Merriam Webster defines a “counselor” as a person who gives advice. In the role of a lawyer, it’s someone who is an advocate for another. Both are descriptive of being a dad in those “tweener” years. Somewhere north of 7 or 8 years old and prior to high school, our children begin to put things together. The role of coach still applies (see previous two blog posts) but our kids are not as easily persuaded to simply take our “game plan” and they begin to want to know the “why” of life. They also need to know they have an “advocate”, someone who is on their side no matter what happens. Dad, you are “da man” for the “da job”.
As Counselor, you don’t need a degree in psychoanalysis to succeed in this role. You just need to begin taking time and invest in your children so that they can begin to ask questions about the life they are growing into. Somewhere between the ages of 8-10, I set up a time to “date” my children regularly. Coming up with a plan is half the battle. I took the birthdates of each of my kids and set that up as their monthly date night. Continue reading →
There’s a theory out there in the annals of “daddom” that the lifecycle of fathering can be loosely characterized by three major phases; Dad as Coach, Dad as Counselor, and Dad as Consultant. Over the next few posts, I’m going to break these down and look a little bit deeper into each of these “job descriptions.”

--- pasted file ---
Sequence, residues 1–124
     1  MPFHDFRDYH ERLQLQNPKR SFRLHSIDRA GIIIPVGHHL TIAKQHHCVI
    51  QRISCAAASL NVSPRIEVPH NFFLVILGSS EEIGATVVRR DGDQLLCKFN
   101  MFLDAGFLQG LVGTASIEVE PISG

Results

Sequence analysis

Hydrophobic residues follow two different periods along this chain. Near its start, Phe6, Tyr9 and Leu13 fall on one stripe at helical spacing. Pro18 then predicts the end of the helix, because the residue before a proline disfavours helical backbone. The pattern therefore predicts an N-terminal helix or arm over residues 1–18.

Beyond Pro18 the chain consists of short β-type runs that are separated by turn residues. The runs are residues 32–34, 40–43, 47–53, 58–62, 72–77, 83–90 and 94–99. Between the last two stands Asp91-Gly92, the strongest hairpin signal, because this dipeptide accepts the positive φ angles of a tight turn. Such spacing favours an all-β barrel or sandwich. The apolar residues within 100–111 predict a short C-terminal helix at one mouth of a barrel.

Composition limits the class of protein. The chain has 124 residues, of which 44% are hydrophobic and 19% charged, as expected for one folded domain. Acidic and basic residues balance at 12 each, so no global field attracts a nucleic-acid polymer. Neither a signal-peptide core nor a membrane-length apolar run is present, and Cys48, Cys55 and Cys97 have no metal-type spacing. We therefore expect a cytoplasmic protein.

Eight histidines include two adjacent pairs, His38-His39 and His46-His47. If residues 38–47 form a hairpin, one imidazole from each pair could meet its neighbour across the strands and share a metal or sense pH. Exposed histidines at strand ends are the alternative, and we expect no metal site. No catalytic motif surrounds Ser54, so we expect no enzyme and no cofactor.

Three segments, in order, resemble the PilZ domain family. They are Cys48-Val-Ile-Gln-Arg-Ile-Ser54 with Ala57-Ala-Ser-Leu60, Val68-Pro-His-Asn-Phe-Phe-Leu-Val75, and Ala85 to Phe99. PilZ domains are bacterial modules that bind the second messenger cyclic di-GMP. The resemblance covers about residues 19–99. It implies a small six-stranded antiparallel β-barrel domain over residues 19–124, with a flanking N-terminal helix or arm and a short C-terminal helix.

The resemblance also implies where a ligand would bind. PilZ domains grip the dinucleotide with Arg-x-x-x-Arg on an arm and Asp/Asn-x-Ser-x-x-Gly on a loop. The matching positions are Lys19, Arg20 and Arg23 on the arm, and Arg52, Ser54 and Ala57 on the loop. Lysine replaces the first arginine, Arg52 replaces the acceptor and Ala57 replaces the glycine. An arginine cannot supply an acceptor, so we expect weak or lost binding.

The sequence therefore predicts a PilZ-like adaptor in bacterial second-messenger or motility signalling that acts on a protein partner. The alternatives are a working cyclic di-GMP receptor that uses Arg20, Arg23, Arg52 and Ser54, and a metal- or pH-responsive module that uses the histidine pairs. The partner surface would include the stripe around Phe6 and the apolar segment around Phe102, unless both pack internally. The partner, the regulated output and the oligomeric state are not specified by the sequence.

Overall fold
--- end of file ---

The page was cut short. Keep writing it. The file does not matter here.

Motivational. Inspirational. Teaching. Leadership. These are just a few of the adjectives that capture the essence of being a great coach. I love sports so when I hear the word “coach”, my mind is immediately filled with some of the great coaches in sports history. Guys like Vince Lombardi, George “The Gipper” Gipp, or the legendary George Halas. Then there’s always a local lore that brings my mind back to coaches of my favorite teams. Coaches like Bud Grant of the once dominant (never Super Bowl winning) Minnesota Vikings, Billy Martin of the Minnesota Twins or Murray Warmath of Gopher football fame. No matter who comes to mind for you, every successful coach possesses these traits.
Coaches are motivational. Some of the greatest speeches ever uttered have been shared in the locker room of college and professional sports teams. Continue reading →
A couple of months ago while home from college, my daughter and I spent a lunch together on one of our periodic dates. It was a great time to catch up with her and live in her world for a few hours. I have missed hearing the regular details of her life during her freshman year. You know, the personal details that spill out over dinner or in car rides to church. Our conversation ebbed and flowed. Then, during one of those pregnant pauses that mark every good conversation, I snatched the opportunity to buzz-kill a light discussion. I thought all dads did that ;). I never miss the opportunity to “teach” a life lesson, much to the chagrin of my children. “So, honey, as you look back on our days together as a family, are their things that I’ve done as a dad that you wish I hadn’t done or would have done differently or would change now?” Door opened. And she entered. Continue reading →